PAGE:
Snubfin dolphin

Snubfin Dolphin Illustration by E. Hawkins

Scientific name: Orcaella heinsohni

Physical Features

  • Length: Adult male: 2.7m; female: 2.3m (males are generally larger- sexual dimorphism)
  • Weight: Adult male: 133kg; female: 114kg
  • Colouration: Australian snubfin dolphins have three-tone colouration. They have a dark brown dorsal cape, light brown lateral sides and a white underbelly.
  • Teeth: peg-like, conical, less than 20 on each side
  • Dorsal fin: small ‘snubby’ dorsal fin, on the latter half of the body
  • Distinct feature: rounded head with no beak, mobile neck, pectoral fins (flippers) are broad and paddle-like

Biology & Ecology

 Formally known as Irrawaddy dolphin the Australian snubfin dolphins were recognized as a genetically separate species in 2005. Little information is known about them.

  • Eat: generalist feeders, diet primarily consists of fish, squid, cuttlefish, octopus and shrimp
  • Submerged: they can hold their breath for up to 12 minutes
  • Maturity: Still unknown
  • Life expectancy: Still unknown
  • Breeding season: Calves are seen all year round
  • Habitat: found in Broome (Western Australia) to Fitzroy River (Queensland); primarily in coastal and shallow waters, often near river mouths; generally have small home ranges

Behaviour & Social Organisation

  • Group size: live in small populations, maximum of 15 animals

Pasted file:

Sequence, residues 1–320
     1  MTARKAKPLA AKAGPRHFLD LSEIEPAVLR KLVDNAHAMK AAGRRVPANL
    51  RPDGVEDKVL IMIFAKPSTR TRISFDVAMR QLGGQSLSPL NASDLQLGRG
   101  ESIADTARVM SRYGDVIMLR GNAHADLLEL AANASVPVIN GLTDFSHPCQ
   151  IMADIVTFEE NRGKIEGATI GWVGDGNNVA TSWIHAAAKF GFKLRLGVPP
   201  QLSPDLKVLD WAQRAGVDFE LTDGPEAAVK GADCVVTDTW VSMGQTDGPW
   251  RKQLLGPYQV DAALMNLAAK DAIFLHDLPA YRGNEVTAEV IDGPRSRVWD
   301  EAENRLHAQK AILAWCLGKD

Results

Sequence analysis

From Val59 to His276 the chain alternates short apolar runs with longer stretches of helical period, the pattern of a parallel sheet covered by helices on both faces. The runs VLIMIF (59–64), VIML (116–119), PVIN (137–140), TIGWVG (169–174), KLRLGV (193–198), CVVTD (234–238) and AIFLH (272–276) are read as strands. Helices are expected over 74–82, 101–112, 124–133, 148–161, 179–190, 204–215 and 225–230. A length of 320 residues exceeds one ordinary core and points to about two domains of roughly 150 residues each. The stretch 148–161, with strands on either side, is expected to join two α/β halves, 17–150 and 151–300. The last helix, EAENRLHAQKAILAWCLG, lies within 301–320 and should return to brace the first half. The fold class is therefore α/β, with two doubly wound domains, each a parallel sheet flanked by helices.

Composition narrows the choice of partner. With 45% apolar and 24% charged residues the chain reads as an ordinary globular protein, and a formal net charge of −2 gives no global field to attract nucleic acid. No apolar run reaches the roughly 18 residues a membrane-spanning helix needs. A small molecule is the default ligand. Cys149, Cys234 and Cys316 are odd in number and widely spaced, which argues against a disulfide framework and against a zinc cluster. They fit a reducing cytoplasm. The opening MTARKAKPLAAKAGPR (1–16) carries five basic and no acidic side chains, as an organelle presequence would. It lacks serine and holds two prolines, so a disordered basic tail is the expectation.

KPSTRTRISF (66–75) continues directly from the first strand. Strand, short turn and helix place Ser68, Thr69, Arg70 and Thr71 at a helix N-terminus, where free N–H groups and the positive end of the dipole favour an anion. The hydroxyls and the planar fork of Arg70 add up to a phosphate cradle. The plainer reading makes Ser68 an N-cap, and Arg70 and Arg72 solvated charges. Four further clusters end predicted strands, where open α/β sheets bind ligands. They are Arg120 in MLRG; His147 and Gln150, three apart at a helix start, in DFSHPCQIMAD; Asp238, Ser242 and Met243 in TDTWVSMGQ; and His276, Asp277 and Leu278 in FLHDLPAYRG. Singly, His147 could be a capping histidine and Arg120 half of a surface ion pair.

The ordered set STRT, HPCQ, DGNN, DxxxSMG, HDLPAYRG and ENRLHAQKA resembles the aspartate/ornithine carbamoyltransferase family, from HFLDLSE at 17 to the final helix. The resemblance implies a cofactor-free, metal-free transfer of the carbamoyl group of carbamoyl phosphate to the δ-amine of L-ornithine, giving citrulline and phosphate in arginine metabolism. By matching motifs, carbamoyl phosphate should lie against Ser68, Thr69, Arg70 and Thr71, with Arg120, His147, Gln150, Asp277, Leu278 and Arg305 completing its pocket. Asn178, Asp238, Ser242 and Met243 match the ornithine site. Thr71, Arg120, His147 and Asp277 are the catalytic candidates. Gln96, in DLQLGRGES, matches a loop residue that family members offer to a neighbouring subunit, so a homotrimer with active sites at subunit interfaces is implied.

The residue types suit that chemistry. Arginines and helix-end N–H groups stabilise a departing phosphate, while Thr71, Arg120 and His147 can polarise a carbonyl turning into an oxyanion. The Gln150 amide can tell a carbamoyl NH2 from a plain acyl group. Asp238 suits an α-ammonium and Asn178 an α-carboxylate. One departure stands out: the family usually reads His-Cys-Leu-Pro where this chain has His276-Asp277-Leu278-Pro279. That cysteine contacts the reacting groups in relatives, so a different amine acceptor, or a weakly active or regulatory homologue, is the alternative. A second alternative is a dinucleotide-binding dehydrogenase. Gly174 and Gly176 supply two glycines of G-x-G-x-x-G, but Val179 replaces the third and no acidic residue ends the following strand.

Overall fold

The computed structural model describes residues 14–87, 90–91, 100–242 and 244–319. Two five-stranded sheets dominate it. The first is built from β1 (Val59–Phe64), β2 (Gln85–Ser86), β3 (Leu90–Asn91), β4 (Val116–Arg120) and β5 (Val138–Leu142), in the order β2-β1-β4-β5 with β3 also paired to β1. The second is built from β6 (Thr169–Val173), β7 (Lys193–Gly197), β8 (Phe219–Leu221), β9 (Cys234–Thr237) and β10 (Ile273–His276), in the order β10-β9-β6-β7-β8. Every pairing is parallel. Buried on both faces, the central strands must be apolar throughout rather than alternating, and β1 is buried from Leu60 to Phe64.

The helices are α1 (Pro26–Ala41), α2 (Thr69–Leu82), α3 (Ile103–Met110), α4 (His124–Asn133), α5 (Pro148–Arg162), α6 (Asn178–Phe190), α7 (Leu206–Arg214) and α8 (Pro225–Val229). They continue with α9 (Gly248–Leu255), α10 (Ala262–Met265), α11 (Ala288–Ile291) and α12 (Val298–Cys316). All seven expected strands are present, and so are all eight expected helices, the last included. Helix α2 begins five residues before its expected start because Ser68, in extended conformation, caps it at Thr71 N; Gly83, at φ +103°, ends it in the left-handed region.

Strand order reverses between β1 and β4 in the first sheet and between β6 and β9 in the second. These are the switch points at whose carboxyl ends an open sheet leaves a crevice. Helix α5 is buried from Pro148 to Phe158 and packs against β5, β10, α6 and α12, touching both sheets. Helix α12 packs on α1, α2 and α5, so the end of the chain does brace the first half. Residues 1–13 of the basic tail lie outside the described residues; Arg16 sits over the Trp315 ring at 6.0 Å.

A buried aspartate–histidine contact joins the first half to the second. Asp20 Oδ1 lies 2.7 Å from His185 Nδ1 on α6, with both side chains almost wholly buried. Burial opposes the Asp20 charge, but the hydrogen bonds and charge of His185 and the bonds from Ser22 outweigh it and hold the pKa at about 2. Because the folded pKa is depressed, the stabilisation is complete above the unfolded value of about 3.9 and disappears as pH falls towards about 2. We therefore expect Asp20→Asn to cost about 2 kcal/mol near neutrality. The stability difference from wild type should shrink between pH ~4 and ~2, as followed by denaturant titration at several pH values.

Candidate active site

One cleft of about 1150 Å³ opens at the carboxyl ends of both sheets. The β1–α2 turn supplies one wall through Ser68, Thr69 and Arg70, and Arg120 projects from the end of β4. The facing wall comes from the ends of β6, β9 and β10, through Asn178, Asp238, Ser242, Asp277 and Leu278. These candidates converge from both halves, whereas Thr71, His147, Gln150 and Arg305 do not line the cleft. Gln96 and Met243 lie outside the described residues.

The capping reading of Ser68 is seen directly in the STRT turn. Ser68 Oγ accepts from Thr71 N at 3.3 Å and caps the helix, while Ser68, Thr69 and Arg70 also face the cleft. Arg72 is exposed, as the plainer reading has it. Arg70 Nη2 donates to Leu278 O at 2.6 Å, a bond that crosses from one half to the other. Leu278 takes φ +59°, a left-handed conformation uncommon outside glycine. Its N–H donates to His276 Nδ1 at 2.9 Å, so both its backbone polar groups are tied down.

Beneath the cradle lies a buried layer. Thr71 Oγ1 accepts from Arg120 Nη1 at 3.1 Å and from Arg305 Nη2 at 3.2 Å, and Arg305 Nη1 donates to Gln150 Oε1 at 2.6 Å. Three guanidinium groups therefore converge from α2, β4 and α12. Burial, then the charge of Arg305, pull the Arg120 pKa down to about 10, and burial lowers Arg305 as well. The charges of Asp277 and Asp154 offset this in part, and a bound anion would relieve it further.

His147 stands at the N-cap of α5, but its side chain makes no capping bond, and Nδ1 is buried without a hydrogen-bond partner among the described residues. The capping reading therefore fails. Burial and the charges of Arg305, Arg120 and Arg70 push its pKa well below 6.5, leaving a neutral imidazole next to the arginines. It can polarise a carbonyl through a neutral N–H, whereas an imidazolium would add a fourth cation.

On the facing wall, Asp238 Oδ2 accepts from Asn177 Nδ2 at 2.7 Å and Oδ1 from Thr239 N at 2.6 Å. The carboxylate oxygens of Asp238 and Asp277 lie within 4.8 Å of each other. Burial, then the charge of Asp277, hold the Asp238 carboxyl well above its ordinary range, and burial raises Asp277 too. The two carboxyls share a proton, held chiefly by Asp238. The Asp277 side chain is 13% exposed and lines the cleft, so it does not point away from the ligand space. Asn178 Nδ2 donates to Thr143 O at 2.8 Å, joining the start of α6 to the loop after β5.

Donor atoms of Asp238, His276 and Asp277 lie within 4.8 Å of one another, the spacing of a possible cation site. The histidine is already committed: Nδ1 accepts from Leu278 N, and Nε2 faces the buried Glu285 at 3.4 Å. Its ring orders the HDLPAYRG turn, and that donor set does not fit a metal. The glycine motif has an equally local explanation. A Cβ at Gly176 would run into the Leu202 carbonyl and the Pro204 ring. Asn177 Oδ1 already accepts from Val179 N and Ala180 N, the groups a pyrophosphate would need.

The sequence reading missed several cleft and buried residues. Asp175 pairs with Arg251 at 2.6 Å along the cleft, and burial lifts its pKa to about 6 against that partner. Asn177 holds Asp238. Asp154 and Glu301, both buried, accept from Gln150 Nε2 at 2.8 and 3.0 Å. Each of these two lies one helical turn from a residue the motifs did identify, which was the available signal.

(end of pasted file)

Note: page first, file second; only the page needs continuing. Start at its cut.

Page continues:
• Social:
  • Behaviour: can be seen partially jumping, never observed leaping clear of the water; Low surface profile; shy, inconspicuous and generally unpredictable
  • Unique behaviour: individuals have been seen spitting jets of water ahead of its prey, possibly to disorientate.

Acoustic Communication

A study conducted by Van Parijs et al (2000)  on the coastal waters of Northern Australia recorded various noises, with sounds similar to broadband clicks, pulses and whistles. During foraging the dolphins were described to make creaking and buzzing noises as well as broadband clicks. Whistling was recorded during socialization and foraging.

Conservation Status

  • ‘Near threatened’ in the Queensland Nature Conservation Act 1992
  • ‘Migratory’ under the Commonwealth Environment Protection and Biodiversity Conservation Act 1999

 

References

Van Parijs, Sofie M., Guido J. Parra, and Peter J. Corkeron. “Sounds Produced By Australian Irrawaddy Dolphins, Orcaella Brevirostris”. The Journal of the Acoustical Society of America 108.4 (2000): 1938-1940. Web.